The QR model is an important model in the literature (Prado-Prado and García-Arca (2012); Silver, Pyke, and Thomas (2017)), this model gets as a result the quantity to order \(Q\) every time the inventory level reaches the reorder point \(R\). It is important to know that the inventory level measures the ability to satisfy the future demand (Prado-Prado and García-Arca (2012)). The QR model is also called two-bin system (Silver, Pyke, and Thomas (2017)): in one bin is the reorder point \(R\) amount of units and in the other bin is the rest of the inventory level, once the second one is finished, and order is placed and the first bin is used to fulfill the demand while the order placed arrives. When the order arrives, the first bin is filled until reached the reorder point \(R\) amount and the rest goes to the second bin.

In Figure 5.1 are shown two plots, the black and dashed red lines. The black line shows the real inventory level available in stock and the dashed red line shows the position of the inventory including orders that have not arrived yet. In this figure, the stochastic demand can be observed, the inventory level does not decrease in a constant rate.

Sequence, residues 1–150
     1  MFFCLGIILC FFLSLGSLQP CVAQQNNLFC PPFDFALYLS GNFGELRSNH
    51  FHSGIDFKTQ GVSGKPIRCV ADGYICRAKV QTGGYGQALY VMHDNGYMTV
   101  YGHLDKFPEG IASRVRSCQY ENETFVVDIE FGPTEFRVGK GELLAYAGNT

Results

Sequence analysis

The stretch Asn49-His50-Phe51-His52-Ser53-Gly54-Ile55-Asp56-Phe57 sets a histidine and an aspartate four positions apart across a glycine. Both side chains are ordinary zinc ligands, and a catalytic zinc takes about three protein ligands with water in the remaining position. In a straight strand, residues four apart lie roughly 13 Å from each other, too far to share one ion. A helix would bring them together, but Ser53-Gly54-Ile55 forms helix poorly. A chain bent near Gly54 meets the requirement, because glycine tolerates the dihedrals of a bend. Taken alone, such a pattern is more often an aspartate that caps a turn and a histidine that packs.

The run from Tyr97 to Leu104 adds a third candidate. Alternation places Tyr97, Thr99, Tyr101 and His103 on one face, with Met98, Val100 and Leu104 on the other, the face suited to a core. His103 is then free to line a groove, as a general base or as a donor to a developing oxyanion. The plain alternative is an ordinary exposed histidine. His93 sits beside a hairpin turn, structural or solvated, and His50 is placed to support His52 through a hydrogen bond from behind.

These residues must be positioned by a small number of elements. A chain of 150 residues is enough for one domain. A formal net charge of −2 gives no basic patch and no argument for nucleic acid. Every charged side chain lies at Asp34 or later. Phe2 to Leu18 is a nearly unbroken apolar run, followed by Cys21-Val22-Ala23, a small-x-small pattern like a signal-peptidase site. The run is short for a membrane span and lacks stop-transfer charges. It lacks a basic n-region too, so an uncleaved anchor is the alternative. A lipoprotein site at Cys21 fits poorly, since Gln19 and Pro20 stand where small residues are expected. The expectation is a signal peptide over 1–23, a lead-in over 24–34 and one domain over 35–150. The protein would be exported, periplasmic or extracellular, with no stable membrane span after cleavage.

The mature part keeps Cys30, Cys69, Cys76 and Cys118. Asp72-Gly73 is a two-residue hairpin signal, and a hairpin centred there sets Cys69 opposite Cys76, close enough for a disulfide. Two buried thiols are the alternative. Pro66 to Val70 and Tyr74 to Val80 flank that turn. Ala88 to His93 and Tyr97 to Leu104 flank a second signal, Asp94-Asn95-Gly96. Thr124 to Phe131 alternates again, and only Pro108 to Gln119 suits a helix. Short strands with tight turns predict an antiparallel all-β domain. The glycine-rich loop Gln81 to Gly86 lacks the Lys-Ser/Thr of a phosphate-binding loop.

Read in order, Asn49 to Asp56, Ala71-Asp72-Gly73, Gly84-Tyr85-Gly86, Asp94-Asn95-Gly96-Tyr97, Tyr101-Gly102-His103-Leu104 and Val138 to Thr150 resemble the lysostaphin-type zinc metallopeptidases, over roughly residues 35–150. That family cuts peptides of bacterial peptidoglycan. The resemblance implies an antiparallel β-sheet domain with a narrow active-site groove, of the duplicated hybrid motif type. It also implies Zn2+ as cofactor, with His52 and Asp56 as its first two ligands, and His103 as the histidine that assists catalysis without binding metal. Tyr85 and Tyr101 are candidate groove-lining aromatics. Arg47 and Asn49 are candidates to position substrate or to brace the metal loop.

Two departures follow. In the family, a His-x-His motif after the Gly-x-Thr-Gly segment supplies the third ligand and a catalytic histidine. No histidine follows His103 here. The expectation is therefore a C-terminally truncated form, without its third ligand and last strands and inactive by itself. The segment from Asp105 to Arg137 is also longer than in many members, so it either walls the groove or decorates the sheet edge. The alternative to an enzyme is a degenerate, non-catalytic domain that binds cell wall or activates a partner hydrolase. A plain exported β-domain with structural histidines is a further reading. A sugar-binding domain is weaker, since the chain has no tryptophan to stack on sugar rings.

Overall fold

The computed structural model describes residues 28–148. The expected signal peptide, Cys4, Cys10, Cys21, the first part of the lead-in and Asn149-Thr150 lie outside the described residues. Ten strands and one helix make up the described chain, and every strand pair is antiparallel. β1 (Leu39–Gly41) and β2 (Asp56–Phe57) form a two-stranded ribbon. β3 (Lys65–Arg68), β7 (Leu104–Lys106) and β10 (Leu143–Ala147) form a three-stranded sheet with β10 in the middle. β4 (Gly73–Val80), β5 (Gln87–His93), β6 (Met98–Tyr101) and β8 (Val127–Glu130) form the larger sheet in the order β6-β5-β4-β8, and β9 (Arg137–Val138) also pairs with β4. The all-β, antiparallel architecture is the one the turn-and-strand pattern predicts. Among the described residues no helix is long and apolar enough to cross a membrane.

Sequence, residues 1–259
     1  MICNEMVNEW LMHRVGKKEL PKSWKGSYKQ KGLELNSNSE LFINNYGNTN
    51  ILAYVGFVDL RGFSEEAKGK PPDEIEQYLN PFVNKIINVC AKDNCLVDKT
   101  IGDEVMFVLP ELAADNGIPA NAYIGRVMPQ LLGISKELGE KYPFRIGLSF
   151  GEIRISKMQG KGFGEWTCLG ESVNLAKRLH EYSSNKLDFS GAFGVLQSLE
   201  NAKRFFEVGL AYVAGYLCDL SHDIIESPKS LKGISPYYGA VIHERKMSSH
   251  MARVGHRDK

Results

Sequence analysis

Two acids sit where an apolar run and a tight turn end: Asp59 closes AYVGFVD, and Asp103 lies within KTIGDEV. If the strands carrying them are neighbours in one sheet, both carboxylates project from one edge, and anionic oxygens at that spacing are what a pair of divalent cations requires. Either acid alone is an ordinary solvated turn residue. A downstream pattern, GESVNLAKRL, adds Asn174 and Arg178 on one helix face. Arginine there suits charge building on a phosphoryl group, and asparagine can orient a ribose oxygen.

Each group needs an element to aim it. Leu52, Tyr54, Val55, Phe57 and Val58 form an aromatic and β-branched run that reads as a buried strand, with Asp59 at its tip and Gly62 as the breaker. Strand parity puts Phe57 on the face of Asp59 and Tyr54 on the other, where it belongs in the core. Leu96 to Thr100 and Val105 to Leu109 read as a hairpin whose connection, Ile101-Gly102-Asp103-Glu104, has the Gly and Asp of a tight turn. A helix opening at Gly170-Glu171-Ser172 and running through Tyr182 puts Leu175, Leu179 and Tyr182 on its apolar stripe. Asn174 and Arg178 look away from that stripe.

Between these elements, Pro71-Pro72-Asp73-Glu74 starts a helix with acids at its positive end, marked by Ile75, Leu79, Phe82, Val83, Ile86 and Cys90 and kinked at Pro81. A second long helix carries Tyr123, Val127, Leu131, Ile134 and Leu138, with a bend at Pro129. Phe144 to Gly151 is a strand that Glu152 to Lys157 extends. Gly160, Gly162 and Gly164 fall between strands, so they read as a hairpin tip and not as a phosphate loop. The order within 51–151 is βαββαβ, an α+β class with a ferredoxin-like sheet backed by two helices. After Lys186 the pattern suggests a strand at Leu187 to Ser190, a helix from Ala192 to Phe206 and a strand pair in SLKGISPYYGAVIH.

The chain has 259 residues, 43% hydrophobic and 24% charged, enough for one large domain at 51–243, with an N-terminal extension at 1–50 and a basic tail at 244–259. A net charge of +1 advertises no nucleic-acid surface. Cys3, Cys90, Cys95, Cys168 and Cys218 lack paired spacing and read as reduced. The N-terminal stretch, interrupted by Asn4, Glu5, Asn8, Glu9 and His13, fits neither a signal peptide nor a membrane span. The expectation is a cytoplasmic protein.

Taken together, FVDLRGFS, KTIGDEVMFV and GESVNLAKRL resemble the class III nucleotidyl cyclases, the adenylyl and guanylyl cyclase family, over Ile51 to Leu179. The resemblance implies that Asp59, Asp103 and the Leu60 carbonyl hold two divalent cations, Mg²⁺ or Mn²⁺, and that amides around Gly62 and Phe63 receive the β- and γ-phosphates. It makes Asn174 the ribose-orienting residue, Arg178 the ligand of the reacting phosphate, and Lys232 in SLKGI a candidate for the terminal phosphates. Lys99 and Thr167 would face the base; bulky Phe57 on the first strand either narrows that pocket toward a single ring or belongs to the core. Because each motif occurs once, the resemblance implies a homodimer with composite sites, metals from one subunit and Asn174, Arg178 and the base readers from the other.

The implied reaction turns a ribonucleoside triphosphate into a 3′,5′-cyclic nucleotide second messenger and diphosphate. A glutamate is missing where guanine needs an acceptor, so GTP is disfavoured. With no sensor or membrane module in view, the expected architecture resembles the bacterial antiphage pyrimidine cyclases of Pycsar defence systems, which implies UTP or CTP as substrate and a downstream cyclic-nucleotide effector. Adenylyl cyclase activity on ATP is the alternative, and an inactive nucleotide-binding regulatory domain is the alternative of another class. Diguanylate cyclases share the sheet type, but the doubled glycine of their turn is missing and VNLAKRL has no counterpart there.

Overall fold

The main purpose of the QR model is to find an optimal reorder point \(R\) and a optimal order quantity \(Q\) each time the inventory level (black line in Figure 5.1), To do so, it is important to consider the next important keys:

- The time an order takes to arrive since it is placed is called
*Lead Time*\(\tau\). - The demand is stochastic and stationary. It can be modeled by a probability distribution and does not have trend or seasons.